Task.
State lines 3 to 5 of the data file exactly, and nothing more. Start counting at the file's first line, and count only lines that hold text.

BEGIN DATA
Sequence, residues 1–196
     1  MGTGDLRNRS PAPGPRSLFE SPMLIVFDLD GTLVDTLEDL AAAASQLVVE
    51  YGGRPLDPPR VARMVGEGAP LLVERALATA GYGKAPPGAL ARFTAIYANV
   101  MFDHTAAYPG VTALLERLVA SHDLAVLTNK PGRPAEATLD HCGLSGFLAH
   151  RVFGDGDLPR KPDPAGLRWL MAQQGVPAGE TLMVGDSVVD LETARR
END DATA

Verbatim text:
    51  YGGRPLDPPR VARMVGEGAP LLVERALATA GYGKAPPGAL ARFTAIYANV
   101  MFDHTAAYPG VTALLERLVA SHDLAVLTNK PGRPAEATLD HCGLSGFLAH
   151  RVFGDGDLPR KPDPAGLRWL MAQQGVPAGE TLMVGDSVVD LETARR